2. Section 222(e) uses the term “subscriber list information,” while § 251(b)(3) uses “directory listing.” Though those two terms are interchangeable for our purposes, we use “directory listing” throughout this opinion. See Implementation of the Local Competition Provisions of the Telecommunications Act of 1996, 11 FCC Rcd. 19392, 19458–59 ¶ 134 (1996) (Second Report and Order) (“As a minimum standard, we find that the term ‘directory listing’ as used in section 251(b)(3) is synonymous with the definition of ‘subscriber list information’ in section [222(h)(3) ].”).
3. See Implementation of the Local Competition Provisions of the Telecommunications Act of 1996, 15 FCC Rcd. 3696, 3892 ¶ 443 (1999) (Third Report and Order) (defining “directory assistance” as “a service that allows subscribers to retrieve telephone numbers of other subscribers” (quotation marks omitted)).
4. A review of the industry's “regulatory history helps to illuminate the proper interpretation and application” of the Act. Global Crossing Telecomm., Inc. v. Metrophones Telecomm., Inc., 550 U.S. 45, 48, 127 S.Ct. 1513, 1516, 167 L.Ed.2d 422 (2007).
5. Provision of Directory Listi ng Information under the Telecommunications Act of 1934, as Amended, 16 FCC Rcd. 2736, 2739 ¶ 5 (2001) (First Report and Order) [hereinafter 2001 DL Order] (quoting S.Rep. No. 104–230, at 113 (1996) (Conf. Rep.)).
6. Section 202(a) imposes a general nondiscrimination obligation on “common carrier[s]” in their provision of communications services, or other services “in connection with” those communications services. See 47 U.S.C. § 202(a). The other two provisions specifically relate to DALD access. Section 222(e) requires LECs to share their DALDs with directory publishers “on a timely and unbundled basis, under nondiscriminatory and reasonable rates, terms, and conditions.” Id. § 222(e). And Section 251(b)(3) requires, among other things, that LECs provide access to their DALDs on a “nondiscriminatory” basis to competitor carriers. Id. § 251(b)(3). Under Section 251(b)(3), competitor “carriers” include LECs, providers of call completion services, and companies acquiring DALDs as agents or contractors to LECs. See 2001 DL Order, 16 FCC Rcd. at 2743–49 ¶¶ 12–29, 2758 ¶ 50.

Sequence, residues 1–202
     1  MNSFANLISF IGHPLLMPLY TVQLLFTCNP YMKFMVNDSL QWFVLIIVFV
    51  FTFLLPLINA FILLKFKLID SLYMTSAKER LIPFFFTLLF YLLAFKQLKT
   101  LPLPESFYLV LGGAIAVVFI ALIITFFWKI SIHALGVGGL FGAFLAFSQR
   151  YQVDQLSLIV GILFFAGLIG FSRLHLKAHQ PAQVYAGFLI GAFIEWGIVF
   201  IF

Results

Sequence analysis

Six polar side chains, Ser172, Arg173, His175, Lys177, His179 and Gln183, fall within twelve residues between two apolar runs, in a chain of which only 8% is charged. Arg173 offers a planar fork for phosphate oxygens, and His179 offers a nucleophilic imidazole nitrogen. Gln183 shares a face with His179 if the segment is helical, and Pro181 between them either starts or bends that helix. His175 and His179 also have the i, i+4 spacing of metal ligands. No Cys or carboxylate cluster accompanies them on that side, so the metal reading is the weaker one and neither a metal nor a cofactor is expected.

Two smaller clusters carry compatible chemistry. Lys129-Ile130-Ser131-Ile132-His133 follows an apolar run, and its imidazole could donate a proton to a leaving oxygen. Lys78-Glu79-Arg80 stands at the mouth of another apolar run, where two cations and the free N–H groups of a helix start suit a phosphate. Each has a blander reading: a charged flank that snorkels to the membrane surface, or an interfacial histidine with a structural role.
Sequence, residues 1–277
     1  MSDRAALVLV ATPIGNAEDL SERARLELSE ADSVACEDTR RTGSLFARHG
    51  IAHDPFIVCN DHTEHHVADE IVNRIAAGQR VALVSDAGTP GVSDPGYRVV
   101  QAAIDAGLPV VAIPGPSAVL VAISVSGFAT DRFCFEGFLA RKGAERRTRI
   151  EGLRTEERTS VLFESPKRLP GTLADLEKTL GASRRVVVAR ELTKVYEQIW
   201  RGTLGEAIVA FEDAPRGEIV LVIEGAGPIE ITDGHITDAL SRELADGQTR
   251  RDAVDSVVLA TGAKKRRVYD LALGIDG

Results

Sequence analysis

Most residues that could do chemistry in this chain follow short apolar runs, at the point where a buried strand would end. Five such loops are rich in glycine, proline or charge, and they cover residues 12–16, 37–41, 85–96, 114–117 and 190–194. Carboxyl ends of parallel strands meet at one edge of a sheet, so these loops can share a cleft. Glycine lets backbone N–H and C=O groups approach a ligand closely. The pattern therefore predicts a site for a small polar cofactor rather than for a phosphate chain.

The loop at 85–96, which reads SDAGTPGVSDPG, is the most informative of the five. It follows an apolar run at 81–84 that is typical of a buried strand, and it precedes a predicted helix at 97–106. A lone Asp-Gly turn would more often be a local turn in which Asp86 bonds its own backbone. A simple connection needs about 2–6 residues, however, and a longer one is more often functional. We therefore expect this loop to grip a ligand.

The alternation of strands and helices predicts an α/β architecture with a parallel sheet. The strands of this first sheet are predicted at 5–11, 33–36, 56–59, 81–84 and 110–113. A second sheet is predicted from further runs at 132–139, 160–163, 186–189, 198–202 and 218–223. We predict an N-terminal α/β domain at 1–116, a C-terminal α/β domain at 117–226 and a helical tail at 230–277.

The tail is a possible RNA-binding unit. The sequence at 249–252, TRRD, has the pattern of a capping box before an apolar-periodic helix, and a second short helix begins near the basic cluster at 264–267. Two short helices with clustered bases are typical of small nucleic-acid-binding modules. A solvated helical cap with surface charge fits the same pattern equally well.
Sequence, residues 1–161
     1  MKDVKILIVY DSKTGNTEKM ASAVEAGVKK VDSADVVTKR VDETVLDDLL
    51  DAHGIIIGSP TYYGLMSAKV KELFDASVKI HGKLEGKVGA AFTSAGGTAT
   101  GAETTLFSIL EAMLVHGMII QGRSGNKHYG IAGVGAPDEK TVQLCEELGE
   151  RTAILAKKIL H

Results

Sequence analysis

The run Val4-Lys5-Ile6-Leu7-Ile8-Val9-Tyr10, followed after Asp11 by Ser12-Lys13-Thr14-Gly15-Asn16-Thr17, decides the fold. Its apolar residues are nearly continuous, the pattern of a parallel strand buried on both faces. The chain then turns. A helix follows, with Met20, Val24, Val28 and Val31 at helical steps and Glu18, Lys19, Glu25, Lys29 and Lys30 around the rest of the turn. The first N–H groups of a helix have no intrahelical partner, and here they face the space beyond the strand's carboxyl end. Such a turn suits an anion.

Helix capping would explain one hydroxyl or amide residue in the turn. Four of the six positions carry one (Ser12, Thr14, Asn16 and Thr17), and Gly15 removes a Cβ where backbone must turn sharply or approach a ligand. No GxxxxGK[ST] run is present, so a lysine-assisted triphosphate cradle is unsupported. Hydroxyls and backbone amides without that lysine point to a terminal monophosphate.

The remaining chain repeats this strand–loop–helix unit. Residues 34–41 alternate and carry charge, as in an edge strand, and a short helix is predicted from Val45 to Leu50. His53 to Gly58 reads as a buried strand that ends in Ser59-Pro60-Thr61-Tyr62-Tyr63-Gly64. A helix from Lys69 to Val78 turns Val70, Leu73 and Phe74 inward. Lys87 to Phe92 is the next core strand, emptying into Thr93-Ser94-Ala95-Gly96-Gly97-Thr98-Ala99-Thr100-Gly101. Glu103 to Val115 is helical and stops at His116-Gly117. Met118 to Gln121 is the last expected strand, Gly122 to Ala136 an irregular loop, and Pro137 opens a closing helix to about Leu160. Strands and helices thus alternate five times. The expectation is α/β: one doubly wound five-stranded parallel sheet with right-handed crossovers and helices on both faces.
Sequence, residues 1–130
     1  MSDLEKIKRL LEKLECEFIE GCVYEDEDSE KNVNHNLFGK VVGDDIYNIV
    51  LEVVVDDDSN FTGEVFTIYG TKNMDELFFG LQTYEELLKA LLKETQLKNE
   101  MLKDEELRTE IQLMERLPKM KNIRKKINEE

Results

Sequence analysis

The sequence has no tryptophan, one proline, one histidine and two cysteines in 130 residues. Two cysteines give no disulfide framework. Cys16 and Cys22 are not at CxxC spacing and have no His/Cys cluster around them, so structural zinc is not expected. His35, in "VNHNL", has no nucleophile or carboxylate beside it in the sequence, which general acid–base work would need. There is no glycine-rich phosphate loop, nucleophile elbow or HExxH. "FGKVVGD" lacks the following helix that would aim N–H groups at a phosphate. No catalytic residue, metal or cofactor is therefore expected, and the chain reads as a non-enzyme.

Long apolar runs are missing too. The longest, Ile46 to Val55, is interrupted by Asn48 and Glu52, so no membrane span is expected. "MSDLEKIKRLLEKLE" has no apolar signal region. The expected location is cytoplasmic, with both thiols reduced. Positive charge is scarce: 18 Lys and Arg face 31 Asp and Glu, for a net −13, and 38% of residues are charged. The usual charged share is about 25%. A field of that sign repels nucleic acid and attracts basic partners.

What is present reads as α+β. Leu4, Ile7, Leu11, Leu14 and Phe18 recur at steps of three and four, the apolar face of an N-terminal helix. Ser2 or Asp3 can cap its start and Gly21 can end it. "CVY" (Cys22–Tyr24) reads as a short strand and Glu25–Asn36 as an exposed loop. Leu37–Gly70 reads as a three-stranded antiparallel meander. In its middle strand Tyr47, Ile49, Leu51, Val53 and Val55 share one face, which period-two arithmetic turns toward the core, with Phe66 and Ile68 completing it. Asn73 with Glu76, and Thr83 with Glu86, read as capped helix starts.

7. The injunction does not prevent Comcast from refusing to provide other LECs, directory assistance providers, and directory publishers with direct access to the data. Based on this, Comcast says that the injunction requires Comcast to discriminate in favor of LSSi by providing LSSi direct access to data that other companies can only purchase indirectly.
8. Comcast concedes that it is subject to the nondiscrimination requirement of Section 202(a) and the DALD access obligations imposed by Sections 222(e) and 251(b)(3). Neither does it contest that LSSi is a directory publisher entitled to receive nondiscriminatory access to Comcast's database under Section 222(e), nor dispute the District Court's finding that LSSi qualifies for nondiscriminatory DALD access under Section 251(b)(3). Thus, we do not have before us the question of LSSi's eligibility to receive nondiscriminatory DALD access under Section 251(b)(3). Cf. LSSi Data, 2012 WL 1893650, at *31 (holding that “LSSi has failed to present persuasive evidence that it is an entity entitled under § 251(b)(3) to non-discriminatory access to ․ directory assistance listing data”).
9. See Implementation of the Telecommunications Act of 1996: Telecommunications Carriers' Use of Customer Proprietary Network Information and Other Customer Information, 20 FCC Rcd. 9334, 9337 ¶ 3 (2005) (Order on Reconsideration).
10. We do not know whether § 202(a) applies to the provision of directory assistance listing data because such data may not be a “service [ ] for or in connection with ․ communication service.” Id. The FCC has declined to resolve this question. See 2001 DL Order, 16 FCC Rcd. at 2750 ¶ 31. In addressing the claim here, we have assumed that such data is covered by § 202(a), but we do not decide this issue because it does not matter to the resolution of the appeal.
11. “[T]he burdens at the preliminary injunction stage track the burdens at trial.” Gonzales v. O Centro Espirita Beneficente Uniao do Vegetal, 546 U.S. 418, 429, 126 S.Ct. 1211, 1219, 163 L.Ed.2d 1017 (2006); see also Ashcroft v. Am. Civil Liberties Union, 542 U.S. 656, 666, 124 S.Ct. 2783, 2791–92, 159 L.Ed.2d 690 (2004) (reasoning that, where a nonmovant would bear the burden of persuasion at trial, the movant seeking a preliminary injunction “must be deemed likely to prevail” if the nonmovant fails to make an adequate showing). At trial, Comcast must demonstrate “with specificity” that it is providing nondiscriminatory access. 47 C.F.R. § 51.217(e)(1); see also 1999 Order, 14 FCC Rcd. at 15621 ¶ 134. Here, Comcast only submitted a declaration by Targus's Executive Vice President, making the conclusory assertion that “Targus provides kgb USA with Comcast's data at the same rates, terms and conditions that Targus offers to all others entitled to it, including LSSi ․” It did not provide any specifics about the terms of its agreement with Targus, or the terms on which Targus provides access to LSSi, kgb USA, or other directory assistance providers.
MARTIN, Circuit Judge: